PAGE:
In wind energy, as the wind turns the blades kinetic energy is caught by a rotor, this rotary motion drives the generator (i.e. mechanical power) and produces electrical energy. Wind power is often used in conjunction with solar energy so if the weather is still, you can use the stored solar energy. Wind energy can also be stored in batteries and when the batteries are fully charged the excess power is then redirected into a dummy load (most commonly an electrical heating element). The turbines also switch off during times of excessive wind speeds and of course in times of no wind – no electrical energy is created.
Before you even start to decide on what energy system you might ‘like’ to use, you need to consider what type of energy collection system best suits your property. If you are purchasing a property and planning to set up a stand-alone electricity system, the aspect of the block is essential for efficient storage of solar power. If there is stream or river that has running water, hydro turbines can be considered or a windy area can lend itself to be suitable for turbines – a combination of two or three energy sources is preferable as one can back up the other. On our land we did not have wind or water, so have utilised solar energy for our power needs.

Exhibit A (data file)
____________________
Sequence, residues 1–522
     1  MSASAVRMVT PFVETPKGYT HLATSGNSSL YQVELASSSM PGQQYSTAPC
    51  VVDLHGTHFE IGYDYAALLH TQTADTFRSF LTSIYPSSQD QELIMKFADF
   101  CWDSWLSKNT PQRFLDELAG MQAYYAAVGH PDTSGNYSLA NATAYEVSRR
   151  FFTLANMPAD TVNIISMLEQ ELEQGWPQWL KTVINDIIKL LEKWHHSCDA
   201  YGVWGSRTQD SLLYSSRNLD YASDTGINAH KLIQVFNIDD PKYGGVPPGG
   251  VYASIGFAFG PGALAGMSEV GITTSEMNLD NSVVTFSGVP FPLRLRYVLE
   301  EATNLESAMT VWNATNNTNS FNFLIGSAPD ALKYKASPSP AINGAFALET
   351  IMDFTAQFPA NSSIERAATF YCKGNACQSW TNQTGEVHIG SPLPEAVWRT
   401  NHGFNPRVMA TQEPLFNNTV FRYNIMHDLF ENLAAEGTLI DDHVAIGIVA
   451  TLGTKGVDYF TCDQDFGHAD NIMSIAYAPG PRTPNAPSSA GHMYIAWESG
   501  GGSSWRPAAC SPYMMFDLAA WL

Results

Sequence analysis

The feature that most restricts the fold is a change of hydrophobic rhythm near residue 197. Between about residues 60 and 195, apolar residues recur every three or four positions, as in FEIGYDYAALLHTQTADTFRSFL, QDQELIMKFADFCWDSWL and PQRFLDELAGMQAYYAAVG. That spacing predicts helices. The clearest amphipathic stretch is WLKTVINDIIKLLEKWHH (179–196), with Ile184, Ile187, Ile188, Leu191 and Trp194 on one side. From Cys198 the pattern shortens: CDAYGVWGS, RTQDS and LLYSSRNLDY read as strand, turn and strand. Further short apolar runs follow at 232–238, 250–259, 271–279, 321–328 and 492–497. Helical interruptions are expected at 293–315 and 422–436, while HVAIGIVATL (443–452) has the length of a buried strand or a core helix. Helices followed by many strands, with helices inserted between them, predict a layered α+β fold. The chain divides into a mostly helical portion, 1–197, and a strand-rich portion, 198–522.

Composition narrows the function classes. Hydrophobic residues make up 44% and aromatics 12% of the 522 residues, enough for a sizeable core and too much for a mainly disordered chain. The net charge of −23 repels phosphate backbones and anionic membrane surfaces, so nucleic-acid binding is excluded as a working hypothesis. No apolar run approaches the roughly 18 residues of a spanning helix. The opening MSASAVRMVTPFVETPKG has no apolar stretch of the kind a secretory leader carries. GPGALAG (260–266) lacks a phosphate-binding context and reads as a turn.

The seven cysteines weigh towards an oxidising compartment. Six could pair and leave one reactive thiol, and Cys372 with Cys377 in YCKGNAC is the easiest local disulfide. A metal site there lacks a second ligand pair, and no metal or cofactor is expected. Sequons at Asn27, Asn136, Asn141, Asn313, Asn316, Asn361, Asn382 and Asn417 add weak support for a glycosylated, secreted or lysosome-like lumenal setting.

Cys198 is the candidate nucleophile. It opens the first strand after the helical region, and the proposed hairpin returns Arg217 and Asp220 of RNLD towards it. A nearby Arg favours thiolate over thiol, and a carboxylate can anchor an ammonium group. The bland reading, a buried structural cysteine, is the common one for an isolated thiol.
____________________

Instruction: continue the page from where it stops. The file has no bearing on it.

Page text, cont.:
Solar panels need to be positioned so that they are broadside to the sunlight. The orientation, while important, has a degree of leeway. Obviously, the panel should be placed in a location that receives as much sunlight hours as possible with minimum shade. Panels are frequently positioned on pitched roofs that are facing either north or south.
A small stand-alone solar set up requires connect to rechargeable batteries for energy storage. As the solar panel, will charge a 12V DC battery which in turn will need to be connected to an inverter to create 120 V AC (the actual voltage required may vary between countries) power to run appliances and general home use.